Removal of Old Fabric Coverings
Removal of the old covering is the first step in replacing an aircraft fabric covering. Cut away the old fabric from the airframe with razor blades or utility knife. Care should be taken to ensure that no damage is done to the airframe. [Figure 3-16] To use the old covering for templates in transferring the location of inspection panels, cable guides, and other features to the new covering, the old covering should be removed in large sections. NOTE: any rib stitching fasteners, if used to attach the fabric to the structure, should be removed before the fabric is pulled free of the airframe. If fasteners are left in place, damage to the structure may occur during fabric removal.Preparation of the Airframe Before Covering
Once the old fabric has been removed, the exposed airframe structure must be thoroughly cleaned and inspected. The IA collaborating on the job should be involved in this step of the process. Details of the inspection should follow the manufacturer’s guidelines, the STC, or AC 43.13-1. All of the old adhesive must be completely removed from the airframe with solvent, such as MEK. A thorough inspection must be done and various components may be selected to be removed for cleaning, inspection, and testing. Any repairs that are required, including the removal and treatment of all corrosion, must be done at this time. If the airframe is steel tubing, many technicians take the opportunity to grit blast the entire airframe at this stage.
The leading edge of a wing is a critical area where airflow diverges and begins its laminar flow over the wing’s surfaces, which results in the generation of lift. It is beneficial to have a smooth, regular surface in this area. Plywood leading edges must be sanded until smooth, bare wood is exposed. If oil or grease spots exist, they must be cleaned with naphtha or other specified cleaners. If there are any chips, indentations, or irregularities, approved filler may be spread into these areas and sanded smooth. The entire leading edge should be cleaned before beginning the fabric covering process.
To obtain a smooth finish on fabric-covered leading edges of aluminum wings, a sheet of felt or polyester padding may be applied before the fabric is installed. This should only be done with the material specified in the STC under which the technician is working. The approved padding ensures compatibility with the adhesives and first coatings of the covering process. When a leading edge pad is used, check the STC process instructions for permission to make a cemented fabric seam over the padding. [Figure 3-17]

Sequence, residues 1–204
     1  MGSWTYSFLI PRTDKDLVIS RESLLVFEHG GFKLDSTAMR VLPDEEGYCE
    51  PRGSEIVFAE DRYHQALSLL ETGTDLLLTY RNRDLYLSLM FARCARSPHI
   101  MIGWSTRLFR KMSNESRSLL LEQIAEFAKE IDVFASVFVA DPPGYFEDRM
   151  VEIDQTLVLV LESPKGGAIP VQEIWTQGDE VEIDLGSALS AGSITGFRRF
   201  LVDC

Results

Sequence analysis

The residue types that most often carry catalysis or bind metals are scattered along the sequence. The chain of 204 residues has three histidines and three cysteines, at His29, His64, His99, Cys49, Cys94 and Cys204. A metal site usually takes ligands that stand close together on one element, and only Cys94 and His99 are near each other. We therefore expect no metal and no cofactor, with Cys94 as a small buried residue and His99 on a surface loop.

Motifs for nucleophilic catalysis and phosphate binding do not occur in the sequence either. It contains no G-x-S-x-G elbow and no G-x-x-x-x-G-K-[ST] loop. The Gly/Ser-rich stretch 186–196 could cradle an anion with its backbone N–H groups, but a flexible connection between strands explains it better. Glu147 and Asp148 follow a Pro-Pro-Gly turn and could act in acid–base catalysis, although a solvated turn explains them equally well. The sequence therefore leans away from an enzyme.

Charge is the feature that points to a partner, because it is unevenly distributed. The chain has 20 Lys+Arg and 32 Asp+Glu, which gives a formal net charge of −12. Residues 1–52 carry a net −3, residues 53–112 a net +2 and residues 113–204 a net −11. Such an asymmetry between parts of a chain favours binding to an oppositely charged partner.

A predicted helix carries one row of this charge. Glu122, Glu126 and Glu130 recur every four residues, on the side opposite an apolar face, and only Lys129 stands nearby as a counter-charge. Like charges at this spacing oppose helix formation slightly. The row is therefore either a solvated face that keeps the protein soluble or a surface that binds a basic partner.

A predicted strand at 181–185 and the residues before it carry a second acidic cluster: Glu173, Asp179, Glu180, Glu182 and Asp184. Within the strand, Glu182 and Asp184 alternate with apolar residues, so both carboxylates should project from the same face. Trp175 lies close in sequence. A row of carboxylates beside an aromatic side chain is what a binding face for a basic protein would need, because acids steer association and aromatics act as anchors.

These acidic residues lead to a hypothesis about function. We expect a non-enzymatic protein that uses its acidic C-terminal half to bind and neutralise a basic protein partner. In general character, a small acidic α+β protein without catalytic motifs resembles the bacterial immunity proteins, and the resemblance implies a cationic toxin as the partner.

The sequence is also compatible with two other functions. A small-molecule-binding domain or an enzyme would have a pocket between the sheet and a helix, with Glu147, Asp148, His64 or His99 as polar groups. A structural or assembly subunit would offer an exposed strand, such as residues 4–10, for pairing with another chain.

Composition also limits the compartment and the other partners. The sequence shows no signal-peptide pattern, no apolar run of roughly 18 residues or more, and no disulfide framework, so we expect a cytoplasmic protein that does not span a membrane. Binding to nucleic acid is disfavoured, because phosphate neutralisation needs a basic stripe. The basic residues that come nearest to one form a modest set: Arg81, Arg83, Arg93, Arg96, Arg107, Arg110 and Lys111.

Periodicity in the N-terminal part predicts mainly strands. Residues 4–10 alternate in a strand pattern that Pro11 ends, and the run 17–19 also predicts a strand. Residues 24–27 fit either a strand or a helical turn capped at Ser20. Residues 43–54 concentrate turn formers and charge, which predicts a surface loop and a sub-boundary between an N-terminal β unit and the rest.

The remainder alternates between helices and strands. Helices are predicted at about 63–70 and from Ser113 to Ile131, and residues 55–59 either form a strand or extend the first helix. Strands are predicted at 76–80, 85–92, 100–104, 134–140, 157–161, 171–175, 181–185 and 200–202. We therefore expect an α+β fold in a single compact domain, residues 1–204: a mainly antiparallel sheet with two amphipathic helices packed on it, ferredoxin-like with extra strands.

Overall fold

When completely cleaned, inspected, and repaired, an approved primer, or varnish if it is a wood structure, should be applied to the airframe. This step is sometimes referred to as dope proofing. Exposed aluminum must first be acid etched. Use the product(s) specified by the manufacturer or in the STC to prepare the metal before priming. Two part epoxy primers and varnishes, which are not affected by the fabric adhesive and subsequent coatings, are usually specified. One part primers, such as zinc chromate and spar varnish, are typically not acceptable. The chemicals in the adhesives dissolve the primers, and adhesion of the fabric to the airframe is lost.
Sharp edges, metal seams, the heads of rivets, and any other feature on the aircraft structure that might cut or wear through the fabric should be covered with anti-chafe tape. As described above, this cloth sticky-back tape is approved and should not be substituted with masking or any other kind of tape. Sometimes, rib cap strips need to have anti-chafe tape applied when the edges are not rounded over. [Figure 3-18]
Inter-rib bracing must also be accomplished before the fabric is installed. It normally does not have an adhesive attached to it and is wrapped only once around each rib. The single wrap around each rib is enough to hold the ribs in place during the covering process but allows small movements during the fabric shrinking process. [Figure 3-19]